April 01, 2001

 

 Wild mustangs get special care from Special Forces

Posted March 15, 2001

Army Special Forces veterinarians treat a constantly changing and growing number of species. They often find themselves in foreign countries, providing aid to local livestock or pets. This can be anything from chickens and cows to dogs and birds. Because of these unpredictable situations, these soldiers take advantage of all the training they can get.

Shackleford horses
Shackleford horses get acquainted with their new temporary home in the pen.

A team of SF medics and veterinarians participated in the Shackleford Island horse roundup on Jan 20. Shackleford Island is a desolate, hourglass-shaped island nestled in a peaceful sound off the coast of North Carolina, and home to more than 100 wild mustangs.

This was the third consecutive year soldiers from the Army Special Forces Command, Fort Bragg, NC, participated in the program. Ten medical personnel from the command volunteered and set out for Shackleford Island the first morning of the roundup with about 80 other volunteers.

Speedboats raced across the cold, choppy waters in the early morning carrying roundup volunteers and workers. By the time they reached the island, a heavy fog had rolled in and the rain started; the roundup had to wait.

Sunday brought brighter skies, but colder weather and winds to the island, as Special Forces soldiers hopped onto all-terrain vehicles and joined National Park Service personnel in the roundup. Walkers, mostly civilian volunteers, were dispatched into heavily wooded areas on the far-western point to flush the horses out.

"We all have the same goal in mind," said Karren Brown, National Park Service superintendent. "This whole operation shows that private organizations can work with the government, and of course, we couldn't do this without Special Forces."

By the end of the day, about 100 of the 131 horses on the island were safely in a pen. The stragglers were rounded up the next morning, when the next stage of the program began—drawing blood and testing, administering vaccines and contraceptives, and branding.

With help from the Special Forces soldiers, representatives from the North Carolina Department of Agriculture and Consumer Services drew blood from 130 horses and sent in the samples for testing to ensure the herd was free of equine infectious anemia.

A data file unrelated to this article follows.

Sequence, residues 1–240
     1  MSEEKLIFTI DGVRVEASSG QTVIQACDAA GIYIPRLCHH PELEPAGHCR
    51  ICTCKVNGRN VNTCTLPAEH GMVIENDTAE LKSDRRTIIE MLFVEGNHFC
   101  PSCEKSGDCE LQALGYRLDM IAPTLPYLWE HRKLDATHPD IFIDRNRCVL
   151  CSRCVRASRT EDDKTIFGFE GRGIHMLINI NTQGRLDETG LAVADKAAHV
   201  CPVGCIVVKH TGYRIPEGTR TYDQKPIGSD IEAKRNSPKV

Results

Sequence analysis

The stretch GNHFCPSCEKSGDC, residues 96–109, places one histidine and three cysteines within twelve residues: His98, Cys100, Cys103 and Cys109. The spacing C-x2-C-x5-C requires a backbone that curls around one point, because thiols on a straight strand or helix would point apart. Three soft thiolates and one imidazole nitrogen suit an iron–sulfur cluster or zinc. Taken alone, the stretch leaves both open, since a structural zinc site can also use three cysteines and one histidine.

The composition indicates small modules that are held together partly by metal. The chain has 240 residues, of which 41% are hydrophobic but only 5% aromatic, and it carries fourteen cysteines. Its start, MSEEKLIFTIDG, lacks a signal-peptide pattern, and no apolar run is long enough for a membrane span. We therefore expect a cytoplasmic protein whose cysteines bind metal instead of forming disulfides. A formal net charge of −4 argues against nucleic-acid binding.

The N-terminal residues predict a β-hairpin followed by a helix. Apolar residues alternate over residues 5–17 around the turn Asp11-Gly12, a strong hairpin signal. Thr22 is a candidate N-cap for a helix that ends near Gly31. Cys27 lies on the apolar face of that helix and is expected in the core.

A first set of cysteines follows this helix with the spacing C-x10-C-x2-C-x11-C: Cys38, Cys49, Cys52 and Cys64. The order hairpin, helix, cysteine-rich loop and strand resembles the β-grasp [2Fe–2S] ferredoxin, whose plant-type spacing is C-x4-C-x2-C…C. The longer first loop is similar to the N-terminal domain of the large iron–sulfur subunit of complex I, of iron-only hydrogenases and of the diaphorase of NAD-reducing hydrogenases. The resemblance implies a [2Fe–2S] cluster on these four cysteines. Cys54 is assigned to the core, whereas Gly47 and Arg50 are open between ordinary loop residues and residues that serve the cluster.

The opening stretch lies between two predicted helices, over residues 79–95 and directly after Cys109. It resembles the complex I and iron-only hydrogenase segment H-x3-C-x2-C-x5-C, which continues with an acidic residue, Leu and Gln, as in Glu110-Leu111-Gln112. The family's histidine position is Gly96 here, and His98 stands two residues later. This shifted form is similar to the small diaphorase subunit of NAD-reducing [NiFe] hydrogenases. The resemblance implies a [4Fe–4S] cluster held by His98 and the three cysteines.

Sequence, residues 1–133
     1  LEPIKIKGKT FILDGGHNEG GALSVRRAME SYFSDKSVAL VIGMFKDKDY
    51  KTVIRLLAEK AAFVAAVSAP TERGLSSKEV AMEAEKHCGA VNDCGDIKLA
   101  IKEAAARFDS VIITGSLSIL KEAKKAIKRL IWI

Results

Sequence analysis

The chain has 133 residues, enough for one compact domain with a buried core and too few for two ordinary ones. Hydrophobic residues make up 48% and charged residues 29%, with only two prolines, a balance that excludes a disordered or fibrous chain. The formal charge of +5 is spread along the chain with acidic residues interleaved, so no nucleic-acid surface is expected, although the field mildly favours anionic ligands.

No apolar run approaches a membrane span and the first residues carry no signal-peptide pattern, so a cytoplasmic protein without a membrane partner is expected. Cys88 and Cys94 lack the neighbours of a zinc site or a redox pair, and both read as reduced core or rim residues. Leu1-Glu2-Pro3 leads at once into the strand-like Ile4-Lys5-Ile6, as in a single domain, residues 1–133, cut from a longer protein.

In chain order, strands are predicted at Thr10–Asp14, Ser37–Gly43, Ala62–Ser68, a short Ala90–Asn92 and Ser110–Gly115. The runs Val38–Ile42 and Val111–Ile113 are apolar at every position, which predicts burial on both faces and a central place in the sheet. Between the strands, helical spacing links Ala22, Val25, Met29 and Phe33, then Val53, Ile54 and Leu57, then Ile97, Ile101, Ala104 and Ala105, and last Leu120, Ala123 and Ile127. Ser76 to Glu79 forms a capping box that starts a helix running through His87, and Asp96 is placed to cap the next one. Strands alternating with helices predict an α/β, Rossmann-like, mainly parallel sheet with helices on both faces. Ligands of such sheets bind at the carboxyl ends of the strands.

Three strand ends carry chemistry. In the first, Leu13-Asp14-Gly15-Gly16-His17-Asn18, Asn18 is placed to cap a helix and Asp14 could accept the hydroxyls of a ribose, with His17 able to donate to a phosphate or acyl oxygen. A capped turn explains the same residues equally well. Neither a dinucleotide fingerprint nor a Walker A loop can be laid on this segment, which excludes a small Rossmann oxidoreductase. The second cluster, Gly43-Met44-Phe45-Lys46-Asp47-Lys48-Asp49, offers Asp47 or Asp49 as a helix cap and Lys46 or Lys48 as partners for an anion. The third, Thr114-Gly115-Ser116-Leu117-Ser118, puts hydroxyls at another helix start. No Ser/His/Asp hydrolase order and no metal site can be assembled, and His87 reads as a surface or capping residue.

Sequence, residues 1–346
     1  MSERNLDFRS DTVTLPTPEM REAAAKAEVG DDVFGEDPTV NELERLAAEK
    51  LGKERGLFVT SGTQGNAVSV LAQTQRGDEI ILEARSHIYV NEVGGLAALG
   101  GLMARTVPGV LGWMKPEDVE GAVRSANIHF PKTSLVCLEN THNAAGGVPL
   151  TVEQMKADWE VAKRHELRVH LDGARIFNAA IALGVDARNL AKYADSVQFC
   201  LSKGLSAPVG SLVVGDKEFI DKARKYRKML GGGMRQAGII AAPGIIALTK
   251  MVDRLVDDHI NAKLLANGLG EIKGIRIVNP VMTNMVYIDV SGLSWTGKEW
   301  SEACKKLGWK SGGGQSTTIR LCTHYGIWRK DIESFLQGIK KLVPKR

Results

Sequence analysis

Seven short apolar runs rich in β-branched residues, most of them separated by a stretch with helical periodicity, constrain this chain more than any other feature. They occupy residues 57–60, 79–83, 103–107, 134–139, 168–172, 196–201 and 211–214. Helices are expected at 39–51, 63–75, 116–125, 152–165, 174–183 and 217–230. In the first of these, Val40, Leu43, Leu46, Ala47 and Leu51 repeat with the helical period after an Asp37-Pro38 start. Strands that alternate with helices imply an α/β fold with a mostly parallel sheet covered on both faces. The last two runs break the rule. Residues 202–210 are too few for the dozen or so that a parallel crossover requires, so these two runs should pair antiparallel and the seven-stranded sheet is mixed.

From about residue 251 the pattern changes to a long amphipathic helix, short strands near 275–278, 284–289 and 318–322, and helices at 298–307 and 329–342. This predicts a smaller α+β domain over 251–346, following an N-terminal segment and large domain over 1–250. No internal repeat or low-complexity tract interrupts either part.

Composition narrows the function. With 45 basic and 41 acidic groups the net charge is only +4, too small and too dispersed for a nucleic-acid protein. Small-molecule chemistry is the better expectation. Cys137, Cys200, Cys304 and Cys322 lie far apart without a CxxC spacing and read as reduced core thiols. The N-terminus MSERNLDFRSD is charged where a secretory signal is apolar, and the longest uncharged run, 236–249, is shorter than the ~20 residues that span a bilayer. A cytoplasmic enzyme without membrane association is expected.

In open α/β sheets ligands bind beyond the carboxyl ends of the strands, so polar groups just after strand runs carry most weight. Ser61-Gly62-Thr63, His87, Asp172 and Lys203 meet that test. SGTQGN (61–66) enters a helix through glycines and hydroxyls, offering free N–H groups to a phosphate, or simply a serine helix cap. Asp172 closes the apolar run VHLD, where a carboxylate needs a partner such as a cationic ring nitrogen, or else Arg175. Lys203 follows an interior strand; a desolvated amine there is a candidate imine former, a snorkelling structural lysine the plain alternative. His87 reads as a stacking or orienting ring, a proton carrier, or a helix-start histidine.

Dr. Chuck Issel, professor of equine infectious diseases for the University of Kentucky in Lexington, is working on a vaccine for EIA, and Issel has been monitoring the Shackleford Island horses since 1997.

Contraception is another issue. Congress passed an act declaring that 100 to 110 wild horses will live on the island and charged the Foundation for Shackleford Horses and NPS with maintaining the herd.


Sgt 1st Class Brian Allen draws blood under the supervision of field veterinarian Dr. Jimmy Tickle.

"The goal is to balance birth control with the mortality rate," said Jay Kirkpatrick, director of biology for ZooMontana. "If you've got a herd of 65 mares and you give half of them birth control, you're probably going to end up with about 17 foals. If the mortality rate is less than that, you need to vaccinate more horses."

Kirkpatrick administered porcine zona pellucida to 15 mares this year and 31 last year.

NCDA & CS field veterinarian Dr. Jimmy Tickle said the success of the roundup was having all sides working as a team.

"[The team] was to provide a vision for a plan that would include everyone's ultimate goal for the horses," Dr. Tickle said. "The vision was simply to leave the horses better off when we left the island, while attempting to handle the horses as safely and humanely as possible to accomplish the goal.

"Great lengths were taken often at great human effort and expense to provide the horses with the vision of a stable, virus-free, thriving herd of horses that would not endanger their limited environment and were adapted to the management required to maintain their well-being," Dr. Tickle said.

Of the 131 horses on the island, 25 were put up for adoption. According to Margaret Fondry, president of the Foundation for Shackleford Horses, this will be the last roundup for a few years. The herd tested negative for EIA three years in a row, and the population is stabilized.

For information on adopting a Shackleford horse call Karren Brown at (252) 728-2250.